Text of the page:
As part of Research Network programme: Global Re-visions, Curatorial Trainee Chloe Austin conducted a short interview with Deniz Sözen to discuss her research ‘The Art of Un-belonging’ in advance of her talk.
CA: How does your project explore the themes of globalisation and internationalism as presented in the Global Re-Visions call out?
DS: Resonating with the themes of the Global Re-Visions call out, my practice-based research – The Art of Un-belonging – sets out to investigate and develop artistic strategies that challenge conventional notions of belonging and difference in the context of globalisation and diasporic art. Despite the advancements within the theoretical discourse since Iniva’s first symposium ‘A New Internationalism’ (1994), in practice artists still tend to be categorised according to their geographical, national and/or ethnic belonging(s) by the art world/market. Taking my own practice and position as diasporic artist as point of departure The Art of Un-belonging seeks to formulate a critical response to this tendency.
The practice element of my research consists of three discrete yet interrelated artworks that challenge an ethnocentric and anthropocentric conception of belonging. The multilingual video-performance Surya Namaz (2018) is a personal investigation of yoga and namaz, the Muslim prayer ritual, exploring the potential of transcultural performance, opacity and multilingualism to undo fixed notions of belonging. Kahvehane Kongresspark (2016), a temporary café, ceramic cups/saucers and a site-specific performance in public space and Trans Plantations (2018), an installation of cups/saucers and coffee beans cast in porcelain in combination with an audio-visual element, are concerned with colonial history and human entanglements with coffee, taking the exploration of belonging beyond the anthropocentric.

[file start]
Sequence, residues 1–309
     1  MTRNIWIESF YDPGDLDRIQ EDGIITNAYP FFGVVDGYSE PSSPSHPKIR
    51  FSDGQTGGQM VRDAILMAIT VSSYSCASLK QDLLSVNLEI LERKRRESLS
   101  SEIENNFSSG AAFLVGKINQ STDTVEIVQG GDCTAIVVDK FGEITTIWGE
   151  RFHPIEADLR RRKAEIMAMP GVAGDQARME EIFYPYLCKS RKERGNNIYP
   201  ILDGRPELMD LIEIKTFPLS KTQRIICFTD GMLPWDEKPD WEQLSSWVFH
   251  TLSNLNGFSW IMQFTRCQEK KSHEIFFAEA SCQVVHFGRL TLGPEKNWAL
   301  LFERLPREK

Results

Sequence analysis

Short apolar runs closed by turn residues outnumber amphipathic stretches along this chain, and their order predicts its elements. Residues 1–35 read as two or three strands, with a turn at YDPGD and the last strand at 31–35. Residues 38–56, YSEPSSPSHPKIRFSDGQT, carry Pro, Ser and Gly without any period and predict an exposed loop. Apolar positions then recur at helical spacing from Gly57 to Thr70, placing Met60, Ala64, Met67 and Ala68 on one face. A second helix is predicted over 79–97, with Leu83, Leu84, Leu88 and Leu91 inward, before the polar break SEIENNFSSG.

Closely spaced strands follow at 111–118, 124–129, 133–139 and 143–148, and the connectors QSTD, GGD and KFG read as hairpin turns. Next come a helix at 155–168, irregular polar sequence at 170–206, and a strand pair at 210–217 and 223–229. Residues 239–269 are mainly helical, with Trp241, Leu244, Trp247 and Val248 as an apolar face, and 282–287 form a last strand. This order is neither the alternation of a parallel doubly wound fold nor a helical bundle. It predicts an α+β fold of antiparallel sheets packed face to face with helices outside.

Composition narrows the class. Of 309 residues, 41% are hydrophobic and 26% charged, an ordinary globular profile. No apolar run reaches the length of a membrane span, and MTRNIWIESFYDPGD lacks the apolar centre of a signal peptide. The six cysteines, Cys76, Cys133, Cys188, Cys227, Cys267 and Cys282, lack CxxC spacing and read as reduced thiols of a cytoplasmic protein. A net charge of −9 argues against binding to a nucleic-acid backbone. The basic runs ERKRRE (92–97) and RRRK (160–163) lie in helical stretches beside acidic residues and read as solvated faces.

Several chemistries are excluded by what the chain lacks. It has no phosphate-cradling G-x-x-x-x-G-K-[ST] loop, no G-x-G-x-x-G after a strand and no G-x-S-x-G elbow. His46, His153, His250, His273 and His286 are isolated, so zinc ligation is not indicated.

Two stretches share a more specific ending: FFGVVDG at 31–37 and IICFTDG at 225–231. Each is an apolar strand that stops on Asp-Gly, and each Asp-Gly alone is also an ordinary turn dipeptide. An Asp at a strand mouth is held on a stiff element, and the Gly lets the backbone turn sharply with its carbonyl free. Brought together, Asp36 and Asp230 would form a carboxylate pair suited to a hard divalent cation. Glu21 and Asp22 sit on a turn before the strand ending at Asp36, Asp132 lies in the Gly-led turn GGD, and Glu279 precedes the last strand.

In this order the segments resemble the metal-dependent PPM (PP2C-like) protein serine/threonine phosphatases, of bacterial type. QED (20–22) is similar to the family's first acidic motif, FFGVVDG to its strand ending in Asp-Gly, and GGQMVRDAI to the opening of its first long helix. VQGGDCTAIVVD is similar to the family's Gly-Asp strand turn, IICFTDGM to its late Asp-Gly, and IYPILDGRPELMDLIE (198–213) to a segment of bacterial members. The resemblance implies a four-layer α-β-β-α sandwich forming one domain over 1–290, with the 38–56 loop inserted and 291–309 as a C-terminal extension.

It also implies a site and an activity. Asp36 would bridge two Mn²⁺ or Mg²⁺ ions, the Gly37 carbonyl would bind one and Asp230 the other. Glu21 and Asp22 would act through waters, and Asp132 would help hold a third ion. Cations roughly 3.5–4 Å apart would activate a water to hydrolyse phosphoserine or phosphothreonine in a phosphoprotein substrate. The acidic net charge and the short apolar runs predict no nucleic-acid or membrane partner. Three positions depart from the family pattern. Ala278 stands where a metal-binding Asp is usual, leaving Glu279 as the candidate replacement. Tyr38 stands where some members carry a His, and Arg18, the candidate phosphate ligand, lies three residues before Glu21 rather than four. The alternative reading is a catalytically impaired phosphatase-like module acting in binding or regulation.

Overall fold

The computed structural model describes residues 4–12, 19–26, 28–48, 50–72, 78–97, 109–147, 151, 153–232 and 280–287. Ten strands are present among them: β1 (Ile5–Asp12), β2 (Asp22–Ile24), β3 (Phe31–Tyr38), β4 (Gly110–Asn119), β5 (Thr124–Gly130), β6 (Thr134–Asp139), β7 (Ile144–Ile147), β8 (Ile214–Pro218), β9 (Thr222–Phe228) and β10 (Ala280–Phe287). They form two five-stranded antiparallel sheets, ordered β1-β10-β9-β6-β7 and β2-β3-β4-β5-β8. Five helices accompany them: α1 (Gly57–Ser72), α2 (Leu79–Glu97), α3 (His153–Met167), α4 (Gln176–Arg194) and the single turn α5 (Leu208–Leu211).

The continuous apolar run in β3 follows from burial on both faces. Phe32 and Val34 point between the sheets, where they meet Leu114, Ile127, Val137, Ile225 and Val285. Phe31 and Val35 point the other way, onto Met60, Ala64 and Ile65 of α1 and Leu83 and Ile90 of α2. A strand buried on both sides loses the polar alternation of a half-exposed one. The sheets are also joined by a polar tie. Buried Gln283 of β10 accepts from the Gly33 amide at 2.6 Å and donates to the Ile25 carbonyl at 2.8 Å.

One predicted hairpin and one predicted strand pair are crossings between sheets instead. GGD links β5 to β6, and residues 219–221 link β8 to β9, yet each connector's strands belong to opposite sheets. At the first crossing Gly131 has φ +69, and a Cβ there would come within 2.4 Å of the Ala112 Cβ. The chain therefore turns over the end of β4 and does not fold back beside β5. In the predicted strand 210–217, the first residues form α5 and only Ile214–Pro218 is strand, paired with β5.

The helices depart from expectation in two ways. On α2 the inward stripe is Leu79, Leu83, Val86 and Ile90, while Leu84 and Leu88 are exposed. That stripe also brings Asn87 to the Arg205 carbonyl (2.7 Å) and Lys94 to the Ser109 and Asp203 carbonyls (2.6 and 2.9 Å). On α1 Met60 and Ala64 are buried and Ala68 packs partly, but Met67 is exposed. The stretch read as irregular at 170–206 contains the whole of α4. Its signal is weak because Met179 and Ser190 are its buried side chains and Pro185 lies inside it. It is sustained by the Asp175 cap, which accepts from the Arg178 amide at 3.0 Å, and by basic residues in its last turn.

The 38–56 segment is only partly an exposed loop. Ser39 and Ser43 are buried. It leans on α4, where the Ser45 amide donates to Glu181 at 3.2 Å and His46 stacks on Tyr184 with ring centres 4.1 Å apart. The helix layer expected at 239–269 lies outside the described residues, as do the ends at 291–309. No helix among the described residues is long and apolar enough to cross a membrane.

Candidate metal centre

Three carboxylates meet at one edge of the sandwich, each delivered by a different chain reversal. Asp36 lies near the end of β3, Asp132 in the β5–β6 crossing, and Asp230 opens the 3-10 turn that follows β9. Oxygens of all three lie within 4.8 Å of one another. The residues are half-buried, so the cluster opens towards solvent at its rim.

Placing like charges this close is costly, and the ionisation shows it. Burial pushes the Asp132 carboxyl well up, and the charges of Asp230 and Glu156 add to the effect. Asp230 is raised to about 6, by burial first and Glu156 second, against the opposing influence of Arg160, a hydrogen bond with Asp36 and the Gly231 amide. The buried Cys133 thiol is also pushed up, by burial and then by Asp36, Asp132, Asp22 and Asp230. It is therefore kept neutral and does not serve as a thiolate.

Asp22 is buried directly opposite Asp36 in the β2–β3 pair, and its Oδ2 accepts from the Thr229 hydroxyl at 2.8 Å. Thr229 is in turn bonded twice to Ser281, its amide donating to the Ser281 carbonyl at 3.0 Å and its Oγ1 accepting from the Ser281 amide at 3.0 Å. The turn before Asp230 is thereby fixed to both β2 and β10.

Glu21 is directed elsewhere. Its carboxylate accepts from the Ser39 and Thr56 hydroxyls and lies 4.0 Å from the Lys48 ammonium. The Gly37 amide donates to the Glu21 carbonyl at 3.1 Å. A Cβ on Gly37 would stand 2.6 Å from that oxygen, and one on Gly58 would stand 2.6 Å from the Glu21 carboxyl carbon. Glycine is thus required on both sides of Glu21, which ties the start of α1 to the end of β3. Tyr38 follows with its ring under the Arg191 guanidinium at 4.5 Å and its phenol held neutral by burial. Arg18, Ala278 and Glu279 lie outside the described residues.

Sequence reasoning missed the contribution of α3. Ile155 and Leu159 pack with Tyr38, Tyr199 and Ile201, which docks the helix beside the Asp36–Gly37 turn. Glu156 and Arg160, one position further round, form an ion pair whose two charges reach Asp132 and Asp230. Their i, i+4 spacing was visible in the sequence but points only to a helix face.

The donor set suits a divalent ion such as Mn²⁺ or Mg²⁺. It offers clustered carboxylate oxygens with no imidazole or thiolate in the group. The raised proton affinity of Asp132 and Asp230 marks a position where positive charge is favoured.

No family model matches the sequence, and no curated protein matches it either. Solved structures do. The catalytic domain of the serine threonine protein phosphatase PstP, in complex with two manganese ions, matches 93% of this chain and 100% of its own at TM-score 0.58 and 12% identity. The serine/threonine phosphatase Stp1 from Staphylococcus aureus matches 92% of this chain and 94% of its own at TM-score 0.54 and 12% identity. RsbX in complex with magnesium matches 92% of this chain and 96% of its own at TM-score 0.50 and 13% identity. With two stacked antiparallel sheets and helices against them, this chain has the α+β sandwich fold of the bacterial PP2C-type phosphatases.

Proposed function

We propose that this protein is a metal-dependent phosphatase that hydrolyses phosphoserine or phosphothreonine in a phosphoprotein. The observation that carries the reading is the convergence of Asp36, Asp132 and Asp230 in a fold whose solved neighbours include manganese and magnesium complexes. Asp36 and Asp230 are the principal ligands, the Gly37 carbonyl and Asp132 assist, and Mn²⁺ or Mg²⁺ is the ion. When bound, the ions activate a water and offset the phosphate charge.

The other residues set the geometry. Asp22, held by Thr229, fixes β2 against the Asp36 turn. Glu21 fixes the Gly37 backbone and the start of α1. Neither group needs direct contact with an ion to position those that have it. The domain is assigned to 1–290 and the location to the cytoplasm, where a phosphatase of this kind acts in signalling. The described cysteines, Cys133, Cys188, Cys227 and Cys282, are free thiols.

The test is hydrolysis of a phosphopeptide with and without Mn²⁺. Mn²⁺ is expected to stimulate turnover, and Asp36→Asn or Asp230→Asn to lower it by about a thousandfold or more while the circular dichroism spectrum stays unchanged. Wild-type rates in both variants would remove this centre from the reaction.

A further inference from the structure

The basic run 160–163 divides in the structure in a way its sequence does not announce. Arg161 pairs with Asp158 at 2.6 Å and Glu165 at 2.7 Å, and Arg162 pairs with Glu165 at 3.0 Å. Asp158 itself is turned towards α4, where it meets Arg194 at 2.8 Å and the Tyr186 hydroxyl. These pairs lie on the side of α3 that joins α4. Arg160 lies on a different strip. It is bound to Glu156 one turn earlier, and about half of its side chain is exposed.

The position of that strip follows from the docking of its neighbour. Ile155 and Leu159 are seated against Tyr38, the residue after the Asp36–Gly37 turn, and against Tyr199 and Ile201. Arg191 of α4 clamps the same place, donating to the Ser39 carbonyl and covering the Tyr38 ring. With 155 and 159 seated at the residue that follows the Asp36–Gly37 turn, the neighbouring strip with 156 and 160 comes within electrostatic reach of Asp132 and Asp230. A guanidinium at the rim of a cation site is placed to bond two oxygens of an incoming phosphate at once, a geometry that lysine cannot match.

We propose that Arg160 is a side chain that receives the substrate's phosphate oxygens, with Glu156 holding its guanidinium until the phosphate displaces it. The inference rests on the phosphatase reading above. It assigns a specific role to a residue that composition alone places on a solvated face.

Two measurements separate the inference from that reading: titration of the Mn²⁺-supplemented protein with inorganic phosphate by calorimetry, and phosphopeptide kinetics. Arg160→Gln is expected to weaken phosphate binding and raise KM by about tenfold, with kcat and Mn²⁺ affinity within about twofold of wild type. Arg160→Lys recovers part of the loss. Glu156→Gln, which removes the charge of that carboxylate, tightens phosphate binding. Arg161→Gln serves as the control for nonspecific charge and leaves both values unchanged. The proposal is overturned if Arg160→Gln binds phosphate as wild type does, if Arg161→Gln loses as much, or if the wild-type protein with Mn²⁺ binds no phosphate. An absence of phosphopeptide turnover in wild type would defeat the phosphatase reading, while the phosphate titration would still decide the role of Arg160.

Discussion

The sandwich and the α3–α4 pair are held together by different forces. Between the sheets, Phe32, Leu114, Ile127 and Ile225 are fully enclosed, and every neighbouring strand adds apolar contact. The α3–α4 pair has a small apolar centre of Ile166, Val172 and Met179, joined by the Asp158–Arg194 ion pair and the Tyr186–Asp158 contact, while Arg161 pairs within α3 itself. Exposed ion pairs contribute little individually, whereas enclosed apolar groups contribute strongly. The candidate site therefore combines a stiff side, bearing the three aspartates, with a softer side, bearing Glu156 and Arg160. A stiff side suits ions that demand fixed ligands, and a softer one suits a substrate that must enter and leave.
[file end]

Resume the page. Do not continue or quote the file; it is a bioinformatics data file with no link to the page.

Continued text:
Un-doing a binary conception of belonging, The Art of Un-belonging aims to shift the Eurocentric imaginary, which has been shaped by dualisms such as self and Other, mind and body, culture and nature, etc. Taking my artistic practice as a driving force for my research, The Art of Un-belonging argues that Relation (Glissant, ,1997) is central to re-imagine the notion of belonging and identity.
CA: How do you plan to use the resources of the Stuart Hall Library to shape your research?
DS: The Stuart Hall Library is a wonderful space for research. Amongst the resources of this unique collection are rare books featuring global art and exhibition catalogues of artists of colour which one cannot easily access in any other library. The books and journals in the collection have been a crucial source for my research. Further exploring strategies that could be used to challenge binary thinking and engage (more) critically with the notion of belonging and identity, I look forward to re-visiting the collection in the light of my presentation.
CA: What do you hope to gain from sharing your research with the Research Network?
DS: Presenting as part of the Research Network series ‘Global Re-visions’ will give me the unique opportunity to share the outcome of five years of practice-based doctoral research ‘The Art of Un-belonging’. Through presenting and discussing my research in this context, I aim to put my work to greater scrutiny and contribute to the advancement of the current discourse through discussion and exchange of ideas with other arts practitioners and wider audiences.
CA: Where can readers find out more about your work?
DS: My thesis ‘The Art of Un-belonging’ including links to accompanying audio-visual material, can be downloaded via the University of Westminster library or the British library’s ETHOS e-thesis online service. More information about my work can also be found on my website: www.denizsoezen.com